‘Root Shock’: Dealing with Urban Trauma

by George Carothers

The recent events in Haiti have shaken the world into a new understanding of the “natural disaster” and the subsequent struggle that ensues for citizens and communities that are touched by these catastrophes. As the daily toll of casualties continued to rise, the emergence of violence, looting, and a struggle for power over available resources transformed former neighbourhoods into zones of urban conflict. An earthquake effectively acted as the lynchpin for a full frontal assault on Haiti’s already volatile community equilibrium; a fissile event that prompted the nuclear reaction.

Disasters may come in a variety of shapes and sizes. Arguably, the natural disaster manages to inflict some of the deepest wounds over an incredibly short period of time. “Haiti,” “Katrina,” and “Tsunami” are now unanimous with “natural disaster,” “vast destruction,” “loss of life,” and in some ways, “social obliteration.” And yet, not all disasters are of such an incredible scale. The Serial Displacement Conference established that urban disasters can come in other forms: urban renewal, highway construction, and gentrification.

Not unlike the natural processes that are found in simpler forms of life, such as plants, Dr. Mindy Fullilove has suggested that communities who are subjected to traumatic stress in the wake of any proportional mangling or loss of the emotional ecosystem experience “root shock.” In any particular region, this can follow a sequence of events that give way to adverse effects on an established community and its physical, social, and even economic bonds. “Root shock can follow natural disaster, development-induced displacement, war, and changes that play out slowly such as those that accompany gentrification.”

Although urbanists and professionals are often charged with “reconstructing” or “redeveloping” the sometimes vast sites and communities that have experienced root shock, little has emerged in the form of pedagogical support for general practitioners on the ground. The knowledge descends slowly from above, while the haphazard, disorganized, and sometimes-flailing implementation, wobbles violently from below.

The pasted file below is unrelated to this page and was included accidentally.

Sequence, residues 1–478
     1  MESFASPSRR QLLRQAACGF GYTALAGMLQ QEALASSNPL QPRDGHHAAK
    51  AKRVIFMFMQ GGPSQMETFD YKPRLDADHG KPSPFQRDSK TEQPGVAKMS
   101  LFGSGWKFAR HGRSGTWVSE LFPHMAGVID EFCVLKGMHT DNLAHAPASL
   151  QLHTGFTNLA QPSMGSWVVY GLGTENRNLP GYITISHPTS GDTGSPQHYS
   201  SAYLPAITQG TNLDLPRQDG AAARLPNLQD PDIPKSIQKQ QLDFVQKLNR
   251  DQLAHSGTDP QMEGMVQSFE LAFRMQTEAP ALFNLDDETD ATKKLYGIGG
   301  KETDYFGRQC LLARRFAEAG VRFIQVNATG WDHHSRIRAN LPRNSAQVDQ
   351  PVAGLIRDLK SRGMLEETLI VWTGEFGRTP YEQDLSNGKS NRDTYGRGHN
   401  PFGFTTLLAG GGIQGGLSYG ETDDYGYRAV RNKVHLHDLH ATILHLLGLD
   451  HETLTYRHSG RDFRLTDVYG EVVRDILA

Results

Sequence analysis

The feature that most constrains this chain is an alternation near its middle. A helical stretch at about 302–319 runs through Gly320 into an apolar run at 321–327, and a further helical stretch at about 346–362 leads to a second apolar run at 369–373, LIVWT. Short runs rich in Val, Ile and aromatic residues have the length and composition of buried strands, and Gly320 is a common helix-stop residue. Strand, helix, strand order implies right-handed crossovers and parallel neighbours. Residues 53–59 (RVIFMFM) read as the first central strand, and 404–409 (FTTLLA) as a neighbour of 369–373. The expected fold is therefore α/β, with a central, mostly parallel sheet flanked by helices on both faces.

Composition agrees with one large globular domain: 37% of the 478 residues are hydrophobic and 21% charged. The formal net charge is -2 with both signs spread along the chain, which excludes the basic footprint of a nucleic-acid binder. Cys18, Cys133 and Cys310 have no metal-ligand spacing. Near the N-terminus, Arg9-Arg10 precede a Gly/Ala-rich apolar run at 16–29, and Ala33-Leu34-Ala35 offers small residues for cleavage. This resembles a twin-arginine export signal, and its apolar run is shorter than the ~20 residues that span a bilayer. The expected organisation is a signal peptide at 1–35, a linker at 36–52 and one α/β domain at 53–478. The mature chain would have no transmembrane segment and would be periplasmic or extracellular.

In the wake of the Haiti disaster, the world witnessed frustration at the obstacles preventing aid from reaching victims, the indiscriminate violence and thievery that emerged out of necessity for survival, and the somewhat troubling international struggle for power over the situation on the ground. In the case of Port au Prince, urban trauma clearly led to an accelerated societal collapse and subsequent ascension into chaos. If we were to establish a scale of root shock, where 0 is utopia and 10 is bedlam, the recent events in Haiti are nearing the two-digit categorization. But as Dr. Fullilove has mentioned, there are other, less catastrophic levels of root shock that also demand the attention of urbanists and professionals. Displacement of any type by means of urban trauma can lead to varying degrees of scarring on one’s emotional ecology (natural disaster, urban renewal, gentrification, etc.). The result, inevitably, will be root shock.

Credits: Photos of Haiti from Zoriah. Video of Root Shock from the American Red Cross.


  1. Thanks for this great post connecting Dr. Fullilove's work to the recent events in Haiti. I never made the connection between the two scenarios, so I'm thankful to you for doing it for me. Certainly, you are right. Gentrification, for example, can act as a human-made disaster, with some of the same effects as a hurricane or earthquake in terms of uprooting people from their lives, jobs, social networks, and physical context.

  2. Those pictures by Zoriah are really powerful. And thank you for drawing these connections between the earthquake in Haiti and other forms of shock to the roots of a community. This is definitely something that deserves more attention in urban studies, design, and policy.